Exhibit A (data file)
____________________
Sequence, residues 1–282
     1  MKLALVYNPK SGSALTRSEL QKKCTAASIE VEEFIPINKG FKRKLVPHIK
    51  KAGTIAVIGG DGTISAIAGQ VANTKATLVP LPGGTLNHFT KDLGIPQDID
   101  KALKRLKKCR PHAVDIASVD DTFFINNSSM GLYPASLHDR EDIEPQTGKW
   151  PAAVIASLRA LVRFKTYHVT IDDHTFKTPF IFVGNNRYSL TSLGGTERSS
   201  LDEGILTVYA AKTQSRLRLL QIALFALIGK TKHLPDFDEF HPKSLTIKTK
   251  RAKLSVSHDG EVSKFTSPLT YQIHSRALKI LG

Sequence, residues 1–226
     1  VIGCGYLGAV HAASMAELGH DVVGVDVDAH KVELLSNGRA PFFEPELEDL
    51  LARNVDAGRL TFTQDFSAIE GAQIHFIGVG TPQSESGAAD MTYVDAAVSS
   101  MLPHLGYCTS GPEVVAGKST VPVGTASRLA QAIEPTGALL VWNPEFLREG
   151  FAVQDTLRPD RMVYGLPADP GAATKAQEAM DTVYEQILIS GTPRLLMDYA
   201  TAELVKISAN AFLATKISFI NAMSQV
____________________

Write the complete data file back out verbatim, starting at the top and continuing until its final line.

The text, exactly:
Sequence, residues 1–282
     1  MKLALVYNPK SGSALTRSEL QKKCTAASIE VEEFIPINKG FKRKLVPHIK
    51  KAGTIAVIGG DGTISAIAGQ VANTKATLVP LPGGTLNHFT KDLGIPQDID
   101  KALKRLKKCR PHAVDIASVD DTFFINNSSM GLYPASLHDR EDIEPQTGKW
   151  PAAVIASLRA LVRFKTYHVT IDDHTFKTPF IFVGNNRYSL TSLGGTERSS
   201  LDEGILTVYA AKTQSRLRLL QIALFALIGK TKHLPDFDEF HPKSLTIKTK
   251  RAKLSVSHDG EVSKFTSPLT YQIHSRALKI LG

Sequence, residues 1–226
     1  VIGCGYLGAV HAASMAELGH DVVGVDVDAH KVELLSNGRA PFFEPELEDL
    51  LARNVDAGRL TFTQDFSAIE GAQIHFIGVG TPQSESGAAD MTYVDAAVSS
   101  MLPHLGYCTS GPEVVAGKST VPVGTASRLA QAIEPTGALL VWNPEFLREG
   151  FAVQDTLRPD RMVYGLPADP GAATKAQEAM DTVYEQILIS GTPRLLMDYA
   201  TAELVKISAN AFLATKISFI NAMSQV